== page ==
By Laurie Cure

It happened again. Over and over leaders share stories of their challenges, heartbreak, and reasons for wanting to leave an organization; over and over, belonging is at the heart of their needs.

We often speak with pride saying, “I would rather be respected than liked” or “I’m not here to be liked”. Regardless of what we tell ourselves, feeling connection, acceptance, inclusion, belonging, and a sense of being liked all lead to increased job performance, lower turnover, and a reduction in sick days. Being liked allows us to be more effective, efficient, productive, engaged, and the list goes on. Feelings of isolation occur more often than we want to admit (over 40% of employees), yet we often discount this need.

In my 2012 book, Leading without Fear, I shared,

“We have a basic human desire for belonging, feeling connected to groups, and having social affiliations that align with our values and make us feel a part of something. I worked with a CEO a few years ago who was a tough, fair man who spoke his truth and stood strong in difficult professional decisions. Often, as you can imagine, when we make those difficult choices, it can result in hard feelings toward us by others.

One day in my office, as he was discussing one of these very difficult choices, he stated, “Deep down, I really do want to be liked, and it feels horrible getting beat up like this.”

Our desire to be liked and to belong can often lead to searching for it in ways that don’t serve us. We might always be trying to break into the group, so we agree with others when really, we don’t, we do things that might violate our own ethical boundaries, or we compromise our own perspectives just to feel valued and purposeful.

There are often red flags that serve as a signal that employees are lacking a sense of belonging and that leaders or organizations are failing to meet these needs.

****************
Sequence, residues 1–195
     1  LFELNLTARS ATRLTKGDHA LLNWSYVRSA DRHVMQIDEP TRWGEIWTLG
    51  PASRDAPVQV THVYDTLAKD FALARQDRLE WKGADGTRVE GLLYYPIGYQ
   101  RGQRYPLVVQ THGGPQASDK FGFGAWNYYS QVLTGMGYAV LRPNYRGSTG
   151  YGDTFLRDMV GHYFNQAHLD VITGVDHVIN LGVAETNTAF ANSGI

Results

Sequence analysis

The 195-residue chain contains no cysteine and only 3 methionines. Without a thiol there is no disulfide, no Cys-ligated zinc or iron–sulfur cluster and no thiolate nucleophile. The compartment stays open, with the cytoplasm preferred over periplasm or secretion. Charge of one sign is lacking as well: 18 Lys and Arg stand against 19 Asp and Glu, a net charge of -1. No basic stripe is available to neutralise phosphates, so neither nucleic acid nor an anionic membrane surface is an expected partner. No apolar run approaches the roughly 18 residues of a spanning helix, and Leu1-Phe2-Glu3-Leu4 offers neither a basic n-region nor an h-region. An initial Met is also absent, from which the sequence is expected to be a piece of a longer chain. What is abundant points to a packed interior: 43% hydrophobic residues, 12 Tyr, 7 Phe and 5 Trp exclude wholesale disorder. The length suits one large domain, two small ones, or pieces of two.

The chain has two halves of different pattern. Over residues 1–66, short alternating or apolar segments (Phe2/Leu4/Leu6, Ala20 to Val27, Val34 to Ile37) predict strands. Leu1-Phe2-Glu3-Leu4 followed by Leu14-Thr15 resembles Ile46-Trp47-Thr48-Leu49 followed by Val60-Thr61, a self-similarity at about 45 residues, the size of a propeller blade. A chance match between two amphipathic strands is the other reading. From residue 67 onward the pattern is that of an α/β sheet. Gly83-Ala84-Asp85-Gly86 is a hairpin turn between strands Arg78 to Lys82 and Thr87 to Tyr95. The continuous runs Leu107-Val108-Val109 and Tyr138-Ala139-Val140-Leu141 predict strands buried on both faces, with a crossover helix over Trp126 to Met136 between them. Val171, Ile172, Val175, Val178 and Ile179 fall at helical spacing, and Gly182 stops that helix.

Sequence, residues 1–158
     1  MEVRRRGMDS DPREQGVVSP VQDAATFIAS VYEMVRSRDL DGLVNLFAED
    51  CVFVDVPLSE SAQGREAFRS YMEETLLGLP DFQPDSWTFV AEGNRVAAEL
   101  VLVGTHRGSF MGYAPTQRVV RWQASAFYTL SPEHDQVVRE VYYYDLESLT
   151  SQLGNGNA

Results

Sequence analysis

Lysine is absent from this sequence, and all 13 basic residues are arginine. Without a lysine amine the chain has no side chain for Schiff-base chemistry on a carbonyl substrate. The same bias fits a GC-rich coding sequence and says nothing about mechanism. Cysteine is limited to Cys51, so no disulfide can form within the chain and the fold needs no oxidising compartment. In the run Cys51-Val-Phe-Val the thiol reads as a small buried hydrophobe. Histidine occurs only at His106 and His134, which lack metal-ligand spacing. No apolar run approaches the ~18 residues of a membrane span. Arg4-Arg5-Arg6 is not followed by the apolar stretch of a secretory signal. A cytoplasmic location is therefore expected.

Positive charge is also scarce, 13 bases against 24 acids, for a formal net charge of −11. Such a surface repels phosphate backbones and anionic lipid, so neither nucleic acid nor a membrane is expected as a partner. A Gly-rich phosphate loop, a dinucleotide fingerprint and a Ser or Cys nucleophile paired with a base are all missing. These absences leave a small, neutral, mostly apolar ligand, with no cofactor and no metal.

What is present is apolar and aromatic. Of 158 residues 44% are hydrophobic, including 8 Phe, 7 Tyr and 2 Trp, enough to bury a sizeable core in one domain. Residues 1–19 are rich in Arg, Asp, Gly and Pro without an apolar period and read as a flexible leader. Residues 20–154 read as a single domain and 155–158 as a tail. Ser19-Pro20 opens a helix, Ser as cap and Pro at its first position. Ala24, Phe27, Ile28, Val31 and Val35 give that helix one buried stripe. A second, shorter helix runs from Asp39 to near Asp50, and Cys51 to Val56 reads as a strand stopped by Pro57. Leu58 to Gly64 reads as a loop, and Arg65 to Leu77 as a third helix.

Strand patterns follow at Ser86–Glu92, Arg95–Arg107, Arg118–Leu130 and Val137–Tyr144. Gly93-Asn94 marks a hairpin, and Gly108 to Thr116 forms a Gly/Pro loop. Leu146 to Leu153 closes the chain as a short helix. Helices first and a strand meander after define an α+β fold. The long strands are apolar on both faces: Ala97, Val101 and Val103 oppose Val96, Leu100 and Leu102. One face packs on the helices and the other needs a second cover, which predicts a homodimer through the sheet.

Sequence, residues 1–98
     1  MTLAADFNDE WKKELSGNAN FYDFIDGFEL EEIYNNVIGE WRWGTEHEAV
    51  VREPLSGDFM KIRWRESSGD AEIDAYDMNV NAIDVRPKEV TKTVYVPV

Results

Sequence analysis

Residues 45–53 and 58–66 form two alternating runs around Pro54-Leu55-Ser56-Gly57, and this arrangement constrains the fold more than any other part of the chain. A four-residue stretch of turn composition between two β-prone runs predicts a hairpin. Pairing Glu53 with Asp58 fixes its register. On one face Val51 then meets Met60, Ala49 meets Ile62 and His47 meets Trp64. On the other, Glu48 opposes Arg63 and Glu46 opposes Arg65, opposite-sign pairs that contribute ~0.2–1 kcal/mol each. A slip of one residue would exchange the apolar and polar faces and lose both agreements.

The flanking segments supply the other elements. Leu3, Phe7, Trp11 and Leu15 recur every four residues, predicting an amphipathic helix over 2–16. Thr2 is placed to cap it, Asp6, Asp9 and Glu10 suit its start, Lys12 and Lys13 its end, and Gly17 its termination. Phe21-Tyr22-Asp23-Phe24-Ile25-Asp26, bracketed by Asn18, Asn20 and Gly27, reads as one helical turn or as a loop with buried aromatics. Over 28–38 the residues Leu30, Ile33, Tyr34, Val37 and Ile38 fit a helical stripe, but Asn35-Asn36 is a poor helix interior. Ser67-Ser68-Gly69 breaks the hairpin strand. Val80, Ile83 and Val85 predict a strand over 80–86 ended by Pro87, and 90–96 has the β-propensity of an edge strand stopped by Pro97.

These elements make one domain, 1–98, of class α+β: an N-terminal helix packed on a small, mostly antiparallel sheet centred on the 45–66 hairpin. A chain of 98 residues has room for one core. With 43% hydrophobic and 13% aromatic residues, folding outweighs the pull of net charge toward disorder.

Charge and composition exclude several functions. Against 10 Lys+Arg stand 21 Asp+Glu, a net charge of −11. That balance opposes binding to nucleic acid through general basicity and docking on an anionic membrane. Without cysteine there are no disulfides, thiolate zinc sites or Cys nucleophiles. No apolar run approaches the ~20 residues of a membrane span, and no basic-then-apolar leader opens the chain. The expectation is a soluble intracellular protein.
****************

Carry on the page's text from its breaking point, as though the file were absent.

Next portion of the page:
• Increased turnover
  • Workplace gossip
  • Cliches and inside jokes abound
  • Some people are not privy to information that others in their role have access to
  • Turf wars
  • Exclusion from key events, meetings, conversations, or opportunities
  • Human Resources complaints, employee lawsuits, and/or workplace violence 

Addressing belonging starts with leadership. The following strategies are worth considering:

  1. Establish a leader code of conduct that outlines various practices the organization wishes to instill. 
  2. Define strong onboarding strategies that provide direct expectations for how leaders will help employees feel a part of the company. These might be regular check-ins, the establishment of buddy programs to help new staff acclimate, or team socials like lunch or birthday celebrations.
  3. Review the data. When you see employees turnover within a few months of hire, it is often a result of affiliation needs not being met. Pay attention to the role this need plays in retention. Consider integrating a “buddy system” for new hires so they have a “go to” person for questions, someone to introduce them to others within the team, and within the organization, and even as simple as someone to talk with at lunch.